There are three interested parties for the 2030 Winter Olympics, the IOC said Tuesday without naming them. Previously, Salt Lake City, Sapporo and Vancouver were confirmed as bids. Then in October, the British Columbia government said it would not support a Vancouver bid, a major setback, though organizers did not say that decision ended the bid. All three cities are attractive as past Winter Games hosts with existing venues.

U.S. Olympic and Paralympic Committee officials have said Salt Lake City is a likelier candidate for 2034 than 2030, but could step in for 2030 if asked.

The future host commission outlined proposals for future Winter Olympics, which included rotating hosts within a pool of cities or regions and a requirement that hosts have an average minimum temperature below freezing (32 degrees) for snow competition venues at the time of the Games over a 10-year period.

The IOC Executive Board gave the commission more time to study the proposals and other factors impacting winter sports.

The IOC board also discussed and will continue to explore a potential double awarding of the 2030 and 2034 Winter Olympic hosts.

Also Tuesday, the IOC board said that Afghanistan participation in the 2024 Olympics will depend on making progress in safe access to sports for women and young girls in the country.

On Monday, Human Rights Watch urged the IOC to suspend Afghanistan until women and girls can play sport in the country.

In a press release, the IOC board expressed “serious concern and strongly condemned the latest restrictions imposed by the Afghan authorities on women and young girls in Afghanistan, which prevent them from practicing sport in the country.” It urged Afghanistan authorities to “take immediate action at the highest level to reverse such restrictions and ensure safe access to sport for women and young girls.”

The IOC board also announced that North Korea’s National Olympic Committee will be reinstated when its suspension is up at the end of the year.

In September 2021, the IOC banned the North Korean NOC through the end of 2022, including banning a North Korean delegation from participating in the Beijing Winter Games, after it chose not to participate in the Tokyo Games.

North Korea, formally known as the Democratic People’s Republic of Korea, was the only one of 206 National Olympic Committees to withdraw from Tokyo. The country made its choice in late March 2021, citing a desire “to protect our athletes from the global health crisis caused by the malicious virus infection.”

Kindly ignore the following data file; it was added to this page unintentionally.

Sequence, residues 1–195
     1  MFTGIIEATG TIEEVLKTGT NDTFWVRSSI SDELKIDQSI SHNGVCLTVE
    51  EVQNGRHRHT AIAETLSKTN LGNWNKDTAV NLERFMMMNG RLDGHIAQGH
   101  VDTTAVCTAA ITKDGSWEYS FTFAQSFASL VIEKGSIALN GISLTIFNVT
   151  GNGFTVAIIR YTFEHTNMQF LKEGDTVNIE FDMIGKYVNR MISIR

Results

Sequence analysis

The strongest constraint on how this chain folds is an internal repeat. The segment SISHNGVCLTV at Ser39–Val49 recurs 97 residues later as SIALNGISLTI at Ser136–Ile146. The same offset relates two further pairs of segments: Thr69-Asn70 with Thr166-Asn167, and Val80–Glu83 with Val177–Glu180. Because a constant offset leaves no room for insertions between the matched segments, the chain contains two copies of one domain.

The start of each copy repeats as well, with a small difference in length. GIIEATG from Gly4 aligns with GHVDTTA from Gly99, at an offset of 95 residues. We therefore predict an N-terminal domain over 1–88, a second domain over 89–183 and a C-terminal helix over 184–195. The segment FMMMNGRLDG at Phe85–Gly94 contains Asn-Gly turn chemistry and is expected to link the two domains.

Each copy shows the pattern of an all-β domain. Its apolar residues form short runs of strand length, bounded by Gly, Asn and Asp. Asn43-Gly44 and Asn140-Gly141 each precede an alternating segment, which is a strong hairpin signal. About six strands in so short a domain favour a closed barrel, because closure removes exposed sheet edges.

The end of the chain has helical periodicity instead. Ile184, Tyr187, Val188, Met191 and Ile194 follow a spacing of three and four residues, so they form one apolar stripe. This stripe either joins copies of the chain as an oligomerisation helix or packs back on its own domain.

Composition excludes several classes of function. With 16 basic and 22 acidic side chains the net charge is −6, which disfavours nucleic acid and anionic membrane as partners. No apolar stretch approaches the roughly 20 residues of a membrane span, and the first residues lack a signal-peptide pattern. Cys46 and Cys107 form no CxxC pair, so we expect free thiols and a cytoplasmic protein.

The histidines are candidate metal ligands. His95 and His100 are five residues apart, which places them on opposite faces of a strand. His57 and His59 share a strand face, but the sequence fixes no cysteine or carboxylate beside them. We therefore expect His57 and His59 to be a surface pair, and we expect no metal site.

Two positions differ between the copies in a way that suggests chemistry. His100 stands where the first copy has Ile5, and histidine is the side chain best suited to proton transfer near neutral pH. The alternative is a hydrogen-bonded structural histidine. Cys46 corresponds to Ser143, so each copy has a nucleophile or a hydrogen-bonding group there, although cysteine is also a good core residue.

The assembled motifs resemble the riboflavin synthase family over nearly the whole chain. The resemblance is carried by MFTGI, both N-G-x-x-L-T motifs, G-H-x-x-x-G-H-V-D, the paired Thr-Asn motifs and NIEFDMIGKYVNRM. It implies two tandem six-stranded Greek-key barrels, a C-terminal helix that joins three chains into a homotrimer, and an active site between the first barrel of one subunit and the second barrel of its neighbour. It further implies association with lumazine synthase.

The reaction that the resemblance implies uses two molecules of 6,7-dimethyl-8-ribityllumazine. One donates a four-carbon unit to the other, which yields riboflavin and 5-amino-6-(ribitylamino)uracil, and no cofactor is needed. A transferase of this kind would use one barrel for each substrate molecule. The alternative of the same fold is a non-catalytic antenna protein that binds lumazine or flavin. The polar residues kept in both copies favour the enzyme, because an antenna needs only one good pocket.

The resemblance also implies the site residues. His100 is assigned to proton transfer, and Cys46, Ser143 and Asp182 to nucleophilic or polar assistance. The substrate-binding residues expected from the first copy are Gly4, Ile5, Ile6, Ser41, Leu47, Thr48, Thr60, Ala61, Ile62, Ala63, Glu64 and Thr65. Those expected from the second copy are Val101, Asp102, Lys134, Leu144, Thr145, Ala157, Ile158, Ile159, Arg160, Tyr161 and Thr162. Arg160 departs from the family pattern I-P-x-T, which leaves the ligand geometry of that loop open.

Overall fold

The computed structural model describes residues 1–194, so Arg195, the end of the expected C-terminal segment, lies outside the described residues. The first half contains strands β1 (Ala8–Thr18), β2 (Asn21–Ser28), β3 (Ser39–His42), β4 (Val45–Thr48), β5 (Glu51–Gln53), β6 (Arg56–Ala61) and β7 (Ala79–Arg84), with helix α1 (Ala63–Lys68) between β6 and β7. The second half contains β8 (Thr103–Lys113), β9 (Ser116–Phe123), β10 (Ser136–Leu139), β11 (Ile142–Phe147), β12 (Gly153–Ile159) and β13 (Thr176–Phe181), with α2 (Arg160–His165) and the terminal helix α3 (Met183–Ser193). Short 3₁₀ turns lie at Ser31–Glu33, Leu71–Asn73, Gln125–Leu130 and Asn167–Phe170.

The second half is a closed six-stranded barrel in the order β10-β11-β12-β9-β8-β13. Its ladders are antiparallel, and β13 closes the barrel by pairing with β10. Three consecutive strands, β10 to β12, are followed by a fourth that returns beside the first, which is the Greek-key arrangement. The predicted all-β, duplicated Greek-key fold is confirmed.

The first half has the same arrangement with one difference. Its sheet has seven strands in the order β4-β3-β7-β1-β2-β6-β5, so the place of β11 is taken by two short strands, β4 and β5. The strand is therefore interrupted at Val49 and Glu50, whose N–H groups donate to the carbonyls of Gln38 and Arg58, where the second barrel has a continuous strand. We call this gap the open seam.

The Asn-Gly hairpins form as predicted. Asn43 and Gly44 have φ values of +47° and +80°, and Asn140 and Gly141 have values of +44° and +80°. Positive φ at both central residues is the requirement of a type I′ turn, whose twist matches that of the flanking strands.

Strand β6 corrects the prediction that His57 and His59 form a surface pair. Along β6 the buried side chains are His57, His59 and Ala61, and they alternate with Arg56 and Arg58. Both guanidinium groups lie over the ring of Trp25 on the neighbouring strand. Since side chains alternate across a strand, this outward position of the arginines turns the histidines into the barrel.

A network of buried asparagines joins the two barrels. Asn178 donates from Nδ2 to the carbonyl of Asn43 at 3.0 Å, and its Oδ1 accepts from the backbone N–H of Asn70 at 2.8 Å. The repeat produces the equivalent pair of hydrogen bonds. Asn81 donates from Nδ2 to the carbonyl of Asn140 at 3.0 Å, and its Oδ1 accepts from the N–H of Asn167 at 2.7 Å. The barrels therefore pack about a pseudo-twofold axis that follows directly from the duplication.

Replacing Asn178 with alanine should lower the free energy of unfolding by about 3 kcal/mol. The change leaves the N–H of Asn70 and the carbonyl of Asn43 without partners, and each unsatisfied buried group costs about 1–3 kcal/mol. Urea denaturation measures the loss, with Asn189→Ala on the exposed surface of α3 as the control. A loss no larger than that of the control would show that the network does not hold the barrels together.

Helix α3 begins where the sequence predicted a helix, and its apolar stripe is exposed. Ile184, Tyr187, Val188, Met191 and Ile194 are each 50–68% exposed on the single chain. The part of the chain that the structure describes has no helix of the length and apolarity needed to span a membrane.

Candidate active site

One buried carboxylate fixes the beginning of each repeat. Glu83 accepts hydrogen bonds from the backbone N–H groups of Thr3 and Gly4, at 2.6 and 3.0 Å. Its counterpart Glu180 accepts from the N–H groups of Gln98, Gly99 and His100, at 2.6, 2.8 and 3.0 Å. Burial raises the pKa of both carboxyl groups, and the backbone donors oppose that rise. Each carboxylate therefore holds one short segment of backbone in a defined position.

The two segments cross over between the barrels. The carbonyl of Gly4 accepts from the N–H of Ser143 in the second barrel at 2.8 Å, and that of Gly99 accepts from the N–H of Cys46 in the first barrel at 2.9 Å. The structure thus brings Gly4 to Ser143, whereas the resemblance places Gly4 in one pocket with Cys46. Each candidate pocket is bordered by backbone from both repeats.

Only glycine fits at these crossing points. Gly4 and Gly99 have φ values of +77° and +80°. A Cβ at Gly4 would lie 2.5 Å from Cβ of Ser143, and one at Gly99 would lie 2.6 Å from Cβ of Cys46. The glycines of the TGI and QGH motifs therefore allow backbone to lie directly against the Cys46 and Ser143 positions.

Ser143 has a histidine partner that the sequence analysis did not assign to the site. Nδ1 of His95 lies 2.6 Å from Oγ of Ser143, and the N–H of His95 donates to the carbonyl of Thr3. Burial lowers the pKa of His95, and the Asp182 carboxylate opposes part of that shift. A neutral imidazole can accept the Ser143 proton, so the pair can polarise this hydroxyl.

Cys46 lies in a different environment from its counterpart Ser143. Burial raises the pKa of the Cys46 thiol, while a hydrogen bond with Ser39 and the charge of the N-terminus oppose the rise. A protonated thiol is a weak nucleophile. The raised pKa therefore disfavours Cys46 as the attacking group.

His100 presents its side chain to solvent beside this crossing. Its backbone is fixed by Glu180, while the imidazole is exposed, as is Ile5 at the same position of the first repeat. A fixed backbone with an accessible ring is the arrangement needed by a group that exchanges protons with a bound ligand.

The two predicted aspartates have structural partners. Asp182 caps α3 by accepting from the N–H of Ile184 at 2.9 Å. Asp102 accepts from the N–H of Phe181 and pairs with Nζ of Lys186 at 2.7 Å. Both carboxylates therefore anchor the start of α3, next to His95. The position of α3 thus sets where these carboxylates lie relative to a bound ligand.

The IOC said in September 2021 that it “provided reassurances for the holding of safe Games and offered constructive proposals to find an appropriate and tailor-made solution until the very last minute (including the provision of vaccines), which were systematically rejected by the PRK NOC.”

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Olympic champion Justine Dufour-Lapointe leaves moguls for another skiing discipline

Justine Dufour-Lapointe

Justine Dufour-Lapointe, the 2014 Olympic moguls champion, is leaving the event to compete in freeriding, a non-Olympic skiing discipline.

“After three Olympic cycles and 12 years on the World Cup circuit, I felt that I needed to find a new source of motivation and had to push my limits even more so I can reach my full potential as a skier,” the 28-year-old Montreal native said in a social media video, according to a translation from French. “Today, I am starting a new chapter in my career. … I want to perfect myself in another discipline. I want to connect with the mountain differently. Above all, I want to get out of my comfort zone in a way I’ve never done before.”

Dufour-Lapointe said she will compete on the Freeride World Tour, a series of judged competitions described as:

There‘s a start gate at the summit and a finish gate at the bottom. That’s it. Best run down wins. It truly is that simple. Think skiers and snowboarders choosing impossible-looking lines through cornices and cliff-faces and nasty couloirs. Think progressive: big jumps, mach-speed turns and full-on attack. Think entertaining.

Dufour-Lapointe has retired from moguls skiing, according to a Freeride World Tour press release, though she did not explicitly say that in social media posts Tuesday.

At the 2014 Sochi Winter Games, Dufour-Lapointe denied American Hannah Kearney‘s bid to become the first freestyle skier to repeat as Olympic champion. Older sister Chloé took silver in a Canadian one-two.

Dufour-Lapointe also won the world title in 2015, then Olympic silver in 2018 behind Frenchwoman Perrine Laffont.

Chloé announced her retirement in September. A third Dufour-Lapointe Olympic moguls skier, Maxime, retired in 2018.